“What NLP users learn,” David continues, “are tried and tested techniques for communicating with our brains in very precise terms. Modelling skills based on observations and questioning of really successful people. NLP helps with clarifying our true goals in life. Many people mistake tasks for outcomes. Tasks are what you do to achieve outcomes. You may or may not enjoy them. When you know they are getting you what you want, you can bring more energy to them and enjoy them more.

“Often there is an incongruence between what people want and what they’re doing every day to get what they want. Much of the time, people’s actions and thoughts are simply self-sabotaging.”

“I have clients who come to me with fairly small goals,” David says, “and clients who have come to see me with very ambitious goals. The process that the brain needs to go through is the same. One client, who’d had a well-run but modest bakery for 12 years, wanted a multi-million pound business within two years. He had one two-hour session with me a month, for 18 months. After 18 sessions, his business was turning over in excess of £3m. And I never gave him one bit of advice… I just asked some good questions.”

Stopping smoking is another common goal David is often asked to help with.

“I always ask, before I coach people that they keep a diary for a week. Jot down timings, where they were, what they were thinking about when they smoked. This identifies all the triggers. I can tell when they’re making it up. Approximately 70 per cent of people keep the diary.  The other 30 per cent don’t come back; it’s too difficult, or it’s not important enough to them. For people who do come back, there’s a very high success rate. Nicotine is only in the bloodstream for two days. It’s their beliefs that need changing. Typically, they’re able to stop smoking within two hours.”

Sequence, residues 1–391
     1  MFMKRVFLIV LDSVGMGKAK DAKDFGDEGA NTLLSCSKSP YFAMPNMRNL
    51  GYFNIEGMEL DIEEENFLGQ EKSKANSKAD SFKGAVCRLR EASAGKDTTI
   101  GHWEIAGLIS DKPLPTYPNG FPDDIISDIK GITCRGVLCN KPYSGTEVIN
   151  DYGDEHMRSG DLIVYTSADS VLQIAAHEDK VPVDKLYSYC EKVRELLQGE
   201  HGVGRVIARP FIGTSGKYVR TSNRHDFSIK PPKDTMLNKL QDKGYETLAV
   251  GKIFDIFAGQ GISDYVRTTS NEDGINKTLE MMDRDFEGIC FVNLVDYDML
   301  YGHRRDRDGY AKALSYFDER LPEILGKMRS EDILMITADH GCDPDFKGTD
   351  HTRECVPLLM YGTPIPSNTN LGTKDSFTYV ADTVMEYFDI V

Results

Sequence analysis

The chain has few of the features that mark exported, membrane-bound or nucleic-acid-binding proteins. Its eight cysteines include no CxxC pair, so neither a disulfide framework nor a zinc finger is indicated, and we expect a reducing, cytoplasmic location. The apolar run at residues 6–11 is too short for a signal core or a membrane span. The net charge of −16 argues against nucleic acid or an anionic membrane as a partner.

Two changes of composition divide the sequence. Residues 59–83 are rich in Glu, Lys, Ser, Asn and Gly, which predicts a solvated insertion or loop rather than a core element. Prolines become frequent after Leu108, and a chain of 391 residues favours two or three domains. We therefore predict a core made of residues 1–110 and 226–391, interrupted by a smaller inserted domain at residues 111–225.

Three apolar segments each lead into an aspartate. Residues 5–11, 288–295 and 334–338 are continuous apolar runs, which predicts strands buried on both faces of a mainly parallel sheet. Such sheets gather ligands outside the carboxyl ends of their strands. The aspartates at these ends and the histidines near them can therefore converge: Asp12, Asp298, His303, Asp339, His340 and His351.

Auspicium courses last for two days and are held in the beautiful surroundings of Fanhams Hotel in Hertfordshire, and other venues around the UK.

A limited number of places are available on a complimentary basis. David Key says: “The complimentary courses are for people who are new to NLP, to come and find out more about it first-hand. People can then go on for a further two days and obtain an NLP diploma, if they wish. We set a lot of time aside for goal setting, as it’s very important to most people. We cover a lot of ground – rapport skills, conflict resolution, and sensory acuity. We dispel lots of common NLP and hypnosis myths.”

There’s a full listing of courses on www.auspicium.co.uk or phone +44 (0) 845 434 0149 and speak to an adviser.

Most common New Year’s resolutions

  • Get out of debt
  • Lose weight and get into shape
  • Quit smoking
  • Spend more time with the family
  • Get a raise or promotion at work
  • Find a new job
  • Take a holiday
  • Help others
  • Learn something new
  • Go back to college

Tips for setting a New Year’s (or any time of year) resolution

  • If you’re unhappy about something: ask yourself ‘what do I want instead?’
  • Any NYR that has the words ‘lose’, ‘give up’, or ‘don’t want’ is negative. It involves losing something and is consequently more difficult to keep.
  • Say:  ‘I want to be financially free’, or better still ‘I want x amount bank balance’, the more specific the better, rather than, ‘I don’t want to be in debt’. This subtle difference can make or break your NYR.There are three fundamental questions that successful people tick.
    • ‘Is my goal possible for me to achieve?’
    • ‘Am I capable?’
    • ‘Am I worthy of achieving this goal?’